What a year 2012 was for sports fans! At the London Olympics, swimming, diving and water polo teams sauntered around the pool and showered for the TV cameras in the skimpiest Speedos. In professional sports, veterans and rookies thrilled us with record-breaking performances, not to mention their athletic bodies. And throughout the year there was something new to sports: outspoken compassion, caring and genuine support for those current and future athletes who choose to come out of the closet once and for all.
So let us cheer the year in sports with an admittedly personal selection of the athletes who stood out from the rest due to their sportsmanship, athletic ability and, above all, those bodies that are to die for.
Look for AfterElton’s first “Sportsman of the Year Award” – presented to the individual athlete whose courage, compassion, sportsmanship and ability (on and off the field) deserve to be recognized.
Sports writers and fans this year awarded Roger Federer a crowning achievement when near-universal agreement bestowed the title of “Greatest tennis player of all time” on the 31 year-old Swiss-born ace who has utterly dominated the game since 2003. A furry and congenial fan favorite, Federer may have capped his career by playing in one of the greatest tennis matches of all time at Wimbledon this year. In a marathon four sets, Federer defeated Andy Murray to win the Final and regain his world number one ranking. It was Federer’s seventh Wimbledon championship, tying him with Pete Sampras.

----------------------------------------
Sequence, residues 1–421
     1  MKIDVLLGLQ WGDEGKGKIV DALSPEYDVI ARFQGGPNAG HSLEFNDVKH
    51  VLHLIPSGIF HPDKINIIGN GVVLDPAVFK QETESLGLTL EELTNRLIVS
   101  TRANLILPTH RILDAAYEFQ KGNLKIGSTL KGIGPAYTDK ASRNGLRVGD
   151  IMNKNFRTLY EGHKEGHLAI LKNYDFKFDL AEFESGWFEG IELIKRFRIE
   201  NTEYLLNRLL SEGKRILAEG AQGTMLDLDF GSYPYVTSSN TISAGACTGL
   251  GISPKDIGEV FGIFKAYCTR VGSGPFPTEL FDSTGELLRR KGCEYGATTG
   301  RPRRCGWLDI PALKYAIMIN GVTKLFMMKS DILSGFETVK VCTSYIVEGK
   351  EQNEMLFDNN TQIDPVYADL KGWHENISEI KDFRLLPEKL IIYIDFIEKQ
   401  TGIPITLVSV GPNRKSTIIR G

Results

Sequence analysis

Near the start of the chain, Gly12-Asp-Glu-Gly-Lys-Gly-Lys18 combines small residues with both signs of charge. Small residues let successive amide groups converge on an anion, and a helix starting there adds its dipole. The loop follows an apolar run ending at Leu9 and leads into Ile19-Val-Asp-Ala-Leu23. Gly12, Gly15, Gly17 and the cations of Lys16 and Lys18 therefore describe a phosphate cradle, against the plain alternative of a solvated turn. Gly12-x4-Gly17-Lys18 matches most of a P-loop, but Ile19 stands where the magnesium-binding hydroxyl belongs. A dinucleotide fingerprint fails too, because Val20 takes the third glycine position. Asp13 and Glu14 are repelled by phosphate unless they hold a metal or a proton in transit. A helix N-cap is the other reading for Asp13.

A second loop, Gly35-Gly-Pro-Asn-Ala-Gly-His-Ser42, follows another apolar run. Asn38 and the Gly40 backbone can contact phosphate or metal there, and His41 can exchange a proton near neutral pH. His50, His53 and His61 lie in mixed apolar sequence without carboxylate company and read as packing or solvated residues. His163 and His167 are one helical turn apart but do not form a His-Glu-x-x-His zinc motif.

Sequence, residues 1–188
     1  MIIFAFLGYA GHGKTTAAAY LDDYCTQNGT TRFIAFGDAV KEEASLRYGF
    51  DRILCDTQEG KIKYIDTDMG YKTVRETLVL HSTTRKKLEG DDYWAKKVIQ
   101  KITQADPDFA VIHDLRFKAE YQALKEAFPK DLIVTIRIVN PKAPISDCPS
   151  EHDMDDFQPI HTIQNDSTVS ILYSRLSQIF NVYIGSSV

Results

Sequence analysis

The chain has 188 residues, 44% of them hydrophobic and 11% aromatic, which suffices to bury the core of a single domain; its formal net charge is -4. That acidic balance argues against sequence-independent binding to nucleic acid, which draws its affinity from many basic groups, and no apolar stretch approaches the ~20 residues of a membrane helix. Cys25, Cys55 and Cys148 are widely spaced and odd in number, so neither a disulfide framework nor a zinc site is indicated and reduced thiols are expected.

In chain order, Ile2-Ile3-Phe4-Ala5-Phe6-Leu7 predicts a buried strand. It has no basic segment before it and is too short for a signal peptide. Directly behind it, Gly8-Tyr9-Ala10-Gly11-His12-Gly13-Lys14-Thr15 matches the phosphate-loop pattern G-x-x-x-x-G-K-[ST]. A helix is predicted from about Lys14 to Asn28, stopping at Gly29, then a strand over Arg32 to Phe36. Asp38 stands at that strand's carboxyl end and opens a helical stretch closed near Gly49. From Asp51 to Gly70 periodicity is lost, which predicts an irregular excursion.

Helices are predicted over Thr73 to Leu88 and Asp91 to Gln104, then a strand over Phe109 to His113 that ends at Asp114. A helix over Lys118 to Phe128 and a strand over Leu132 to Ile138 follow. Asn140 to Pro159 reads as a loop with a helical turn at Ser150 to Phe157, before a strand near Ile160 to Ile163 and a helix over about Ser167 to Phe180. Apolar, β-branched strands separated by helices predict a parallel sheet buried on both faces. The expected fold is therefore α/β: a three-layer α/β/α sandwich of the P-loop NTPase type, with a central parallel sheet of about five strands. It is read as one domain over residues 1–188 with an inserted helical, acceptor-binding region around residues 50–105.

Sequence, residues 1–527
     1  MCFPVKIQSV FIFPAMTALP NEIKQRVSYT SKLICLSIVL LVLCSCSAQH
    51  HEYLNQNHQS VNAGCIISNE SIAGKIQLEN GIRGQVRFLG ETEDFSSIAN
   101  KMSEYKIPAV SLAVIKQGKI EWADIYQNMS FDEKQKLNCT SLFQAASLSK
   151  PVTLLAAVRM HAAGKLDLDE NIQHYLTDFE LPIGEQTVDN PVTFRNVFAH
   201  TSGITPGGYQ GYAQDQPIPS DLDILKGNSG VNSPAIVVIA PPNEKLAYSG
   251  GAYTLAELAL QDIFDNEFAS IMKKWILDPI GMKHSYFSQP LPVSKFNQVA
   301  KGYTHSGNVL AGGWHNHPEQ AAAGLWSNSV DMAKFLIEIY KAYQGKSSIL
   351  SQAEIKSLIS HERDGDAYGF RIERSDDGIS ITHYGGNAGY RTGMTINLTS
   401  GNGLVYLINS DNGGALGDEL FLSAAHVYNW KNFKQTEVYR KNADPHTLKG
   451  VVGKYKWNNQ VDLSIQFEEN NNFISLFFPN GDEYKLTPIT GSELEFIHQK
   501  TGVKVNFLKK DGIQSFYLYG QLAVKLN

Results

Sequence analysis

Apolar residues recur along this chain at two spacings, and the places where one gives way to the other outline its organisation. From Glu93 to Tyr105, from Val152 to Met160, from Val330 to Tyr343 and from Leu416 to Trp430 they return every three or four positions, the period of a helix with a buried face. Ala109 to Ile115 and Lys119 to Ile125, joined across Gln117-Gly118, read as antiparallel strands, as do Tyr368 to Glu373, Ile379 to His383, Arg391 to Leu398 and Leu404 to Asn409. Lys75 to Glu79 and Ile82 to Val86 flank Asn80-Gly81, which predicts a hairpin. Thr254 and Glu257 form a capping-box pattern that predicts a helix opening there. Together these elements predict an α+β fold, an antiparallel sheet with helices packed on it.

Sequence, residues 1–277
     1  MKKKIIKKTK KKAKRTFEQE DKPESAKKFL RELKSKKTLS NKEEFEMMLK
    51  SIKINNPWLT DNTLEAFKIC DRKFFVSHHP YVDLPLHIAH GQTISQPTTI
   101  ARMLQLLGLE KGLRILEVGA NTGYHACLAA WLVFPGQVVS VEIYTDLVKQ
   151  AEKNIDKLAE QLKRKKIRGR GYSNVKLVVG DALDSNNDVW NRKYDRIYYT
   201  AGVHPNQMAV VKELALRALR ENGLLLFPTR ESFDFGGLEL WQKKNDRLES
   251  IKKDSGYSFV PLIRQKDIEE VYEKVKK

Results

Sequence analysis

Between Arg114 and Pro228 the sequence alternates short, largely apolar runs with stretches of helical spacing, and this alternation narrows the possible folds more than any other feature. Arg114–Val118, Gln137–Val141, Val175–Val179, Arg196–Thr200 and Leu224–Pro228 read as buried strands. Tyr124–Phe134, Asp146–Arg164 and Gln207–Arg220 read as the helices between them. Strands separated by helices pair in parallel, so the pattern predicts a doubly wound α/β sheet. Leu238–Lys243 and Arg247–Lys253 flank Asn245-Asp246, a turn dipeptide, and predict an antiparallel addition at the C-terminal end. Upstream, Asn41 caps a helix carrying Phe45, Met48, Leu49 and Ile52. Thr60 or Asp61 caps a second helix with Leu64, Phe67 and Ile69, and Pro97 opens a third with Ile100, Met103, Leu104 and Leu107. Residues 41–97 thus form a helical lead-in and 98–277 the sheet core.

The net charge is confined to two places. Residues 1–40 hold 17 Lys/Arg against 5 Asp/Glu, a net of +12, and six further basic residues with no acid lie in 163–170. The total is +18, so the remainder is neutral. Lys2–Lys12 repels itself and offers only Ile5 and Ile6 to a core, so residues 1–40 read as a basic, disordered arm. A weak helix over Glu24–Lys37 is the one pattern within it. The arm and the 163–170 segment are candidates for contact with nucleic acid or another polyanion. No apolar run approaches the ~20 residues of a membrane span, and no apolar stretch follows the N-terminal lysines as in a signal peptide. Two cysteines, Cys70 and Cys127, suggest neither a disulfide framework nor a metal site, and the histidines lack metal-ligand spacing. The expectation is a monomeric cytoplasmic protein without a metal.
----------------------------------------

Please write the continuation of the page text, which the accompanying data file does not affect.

Federer is married to former Women’s Tennis Association player Mirka Vavrinec and they are parents of twin girls. He supports a number of charities through the Roger Federer Foundation and has appeared in UNICEF public service spots to raise awareness of AIDS. An all-around athlete, Federer has acknowledged that his athletic abilities were largely forged in his youth, when he played every sport he encountered, though, he said, “I was always very much more interested if a ball was involved.”
World tennis records were shaken up this year at the U.S. Open by Scottish tennis player Murray when he became the first British man since 1936 to win a Grand Slam singles tournament. Then, at the 2013 London Olympics, he thrilled the nation by defeating Roger Federer in straight sets to win the Gold Medal in Men’s Singles, becoming the first British champion in more than 100 years. He is the only man to win the US Open and Olympic Gold back-to-back.
Born with a biparte patella, where the kneecap remains as two separate bones instead of fusing together in childhood – he has been seen holding his knee due to pain and has dropped out of competition because of it. Prone to injury, the sexy Scot was expected to continue his career mostly as a runner up – until replacing his coach this year and improving his already remarkable athletic abilities. Outspoken and frequently in trouble with the British press for his comments, Murray is a handsome and lively competitor.
The best arms in the tennis business – as well as numerous other parts that are quite fine – belong to Nadal, who is considered by tennis fans to be one of the greatest players of all time. Nicknamed the “King of Clay” because of his mastery of clay courts, the lean and muscular Nadal returned a vocal and sensual passion to the game that may have been missing during most of the Sampras/Federer years. In 2012 “Rafa” suffered through tendonitis (and withdrew from several competitions), illness and injury to realize his greatest athletic achievement: winning the French Open in a remarkable encounter with Number One ranked player Novak Djokovic.
Now claimed by sportswriters to be the best tennis match ever played, Nadal won the first two sets, but lost 8 straight to Djokovic, when play was called due to rain. When play resumed, Nadal’s overpowering serve and returns demolished Djokovic and Nadal won his seventh French Open title, surpassing Bjorn Borg’s overall titles record to become the most successful player in French Open history. In all of the 2012 clay court season, Nadal lost only three sets.